Big Four accounting firms take far more people into their audit functions than their consulting divisions. They may be rebuilding their consulting operations now, but it wasn’t so long ago that most pulled out entirely. Audit, despite its grey reputation, seems like the safer bet and there’s even the (small) chance you could end up in a corporate finance role.
But if you’re debating between the two divisions, one factor could force your hand towards consulting – pay. There are pay discrepancies between firms, but when you start out in audit and consulting in the Big Four, consulting has its nose slightly ahead – £39k versus £37k on average, according to figures provided by pay benchmarking website Emolument.com.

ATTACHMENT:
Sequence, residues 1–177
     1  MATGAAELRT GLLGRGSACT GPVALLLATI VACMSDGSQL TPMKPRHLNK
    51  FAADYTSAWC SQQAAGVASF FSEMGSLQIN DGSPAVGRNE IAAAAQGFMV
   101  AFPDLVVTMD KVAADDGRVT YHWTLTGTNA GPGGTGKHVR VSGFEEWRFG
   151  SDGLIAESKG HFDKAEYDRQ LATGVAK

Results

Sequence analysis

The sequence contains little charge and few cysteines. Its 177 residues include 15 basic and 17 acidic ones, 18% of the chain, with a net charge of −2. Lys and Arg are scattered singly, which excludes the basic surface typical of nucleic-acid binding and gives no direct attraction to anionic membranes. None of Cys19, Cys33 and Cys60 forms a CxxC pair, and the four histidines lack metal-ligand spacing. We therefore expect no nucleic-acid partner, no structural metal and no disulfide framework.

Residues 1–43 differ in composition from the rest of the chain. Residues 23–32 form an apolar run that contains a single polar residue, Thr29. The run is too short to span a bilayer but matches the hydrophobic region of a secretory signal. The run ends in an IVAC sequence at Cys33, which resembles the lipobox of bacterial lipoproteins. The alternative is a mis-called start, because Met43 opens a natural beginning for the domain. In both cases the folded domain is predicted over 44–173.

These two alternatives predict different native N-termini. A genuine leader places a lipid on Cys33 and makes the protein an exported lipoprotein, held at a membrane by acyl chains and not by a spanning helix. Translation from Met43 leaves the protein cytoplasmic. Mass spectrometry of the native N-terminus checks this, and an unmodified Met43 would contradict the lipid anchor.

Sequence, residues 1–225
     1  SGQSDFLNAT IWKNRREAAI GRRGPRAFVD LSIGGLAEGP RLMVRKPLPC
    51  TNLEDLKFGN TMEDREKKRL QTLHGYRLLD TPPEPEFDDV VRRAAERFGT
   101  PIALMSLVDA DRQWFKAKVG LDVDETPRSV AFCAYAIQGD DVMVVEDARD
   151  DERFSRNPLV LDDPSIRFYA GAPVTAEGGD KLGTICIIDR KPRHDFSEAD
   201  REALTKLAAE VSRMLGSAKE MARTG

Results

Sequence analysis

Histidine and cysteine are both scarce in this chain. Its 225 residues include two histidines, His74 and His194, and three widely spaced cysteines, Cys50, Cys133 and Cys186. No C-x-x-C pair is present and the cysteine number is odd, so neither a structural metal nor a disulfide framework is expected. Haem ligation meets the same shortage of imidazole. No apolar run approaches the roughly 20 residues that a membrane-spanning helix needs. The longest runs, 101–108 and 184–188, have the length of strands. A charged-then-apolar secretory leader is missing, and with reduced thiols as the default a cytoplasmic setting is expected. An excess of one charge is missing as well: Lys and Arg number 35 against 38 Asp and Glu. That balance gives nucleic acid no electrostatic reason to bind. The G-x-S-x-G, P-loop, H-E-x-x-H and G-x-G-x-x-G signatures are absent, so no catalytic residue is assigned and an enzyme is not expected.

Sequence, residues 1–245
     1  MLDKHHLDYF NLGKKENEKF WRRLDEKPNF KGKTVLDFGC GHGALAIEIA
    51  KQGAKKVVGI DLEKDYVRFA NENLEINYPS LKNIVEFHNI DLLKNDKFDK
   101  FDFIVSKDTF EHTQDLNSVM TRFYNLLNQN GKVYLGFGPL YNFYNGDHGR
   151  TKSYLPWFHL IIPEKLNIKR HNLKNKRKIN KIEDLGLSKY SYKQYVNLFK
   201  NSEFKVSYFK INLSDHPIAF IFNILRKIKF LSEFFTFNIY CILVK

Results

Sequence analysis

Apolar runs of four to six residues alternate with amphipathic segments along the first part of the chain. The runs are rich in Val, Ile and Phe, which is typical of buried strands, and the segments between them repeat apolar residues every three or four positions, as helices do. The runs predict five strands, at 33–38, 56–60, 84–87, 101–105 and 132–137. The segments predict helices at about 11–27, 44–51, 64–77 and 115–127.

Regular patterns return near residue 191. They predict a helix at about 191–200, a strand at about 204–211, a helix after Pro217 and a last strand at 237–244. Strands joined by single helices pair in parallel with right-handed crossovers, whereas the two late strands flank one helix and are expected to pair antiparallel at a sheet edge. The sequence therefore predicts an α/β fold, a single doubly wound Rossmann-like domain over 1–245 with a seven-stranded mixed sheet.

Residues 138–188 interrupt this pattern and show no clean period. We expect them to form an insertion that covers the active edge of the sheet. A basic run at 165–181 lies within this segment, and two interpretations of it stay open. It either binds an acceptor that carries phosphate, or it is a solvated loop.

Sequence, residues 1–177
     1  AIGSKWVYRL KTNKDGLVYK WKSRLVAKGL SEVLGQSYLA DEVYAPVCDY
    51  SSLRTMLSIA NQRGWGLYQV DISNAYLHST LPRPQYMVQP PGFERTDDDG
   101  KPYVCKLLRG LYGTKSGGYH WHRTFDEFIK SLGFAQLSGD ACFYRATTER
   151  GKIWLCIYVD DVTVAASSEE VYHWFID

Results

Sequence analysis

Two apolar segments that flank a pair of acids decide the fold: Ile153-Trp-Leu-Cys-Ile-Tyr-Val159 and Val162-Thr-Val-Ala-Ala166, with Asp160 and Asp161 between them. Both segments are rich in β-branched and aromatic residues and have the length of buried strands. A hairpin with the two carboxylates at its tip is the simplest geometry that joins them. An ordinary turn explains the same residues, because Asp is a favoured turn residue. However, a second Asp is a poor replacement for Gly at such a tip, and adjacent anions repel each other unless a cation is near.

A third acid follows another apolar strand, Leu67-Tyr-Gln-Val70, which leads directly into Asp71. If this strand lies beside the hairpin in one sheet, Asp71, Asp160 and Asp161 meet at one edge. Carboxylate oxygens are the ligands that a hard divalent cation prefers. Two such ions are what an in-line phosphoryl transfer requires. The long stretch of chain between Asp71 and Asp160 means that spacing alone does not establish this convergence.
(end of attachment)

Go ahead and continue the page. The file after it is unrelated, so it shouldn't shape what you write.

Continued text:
After that, the gap starts to widen. If you stayed in a Big Four consulting role for ten years, you would earn £93k, suggest the figures. In audit, the comparable amount is £74k.
If you’re in the industry for 15 years or more – about the sort of time you should be making partner – then consulting pays an average of £150k. Auditors get ‘just’ £108k. It’s worth bearing that in mind.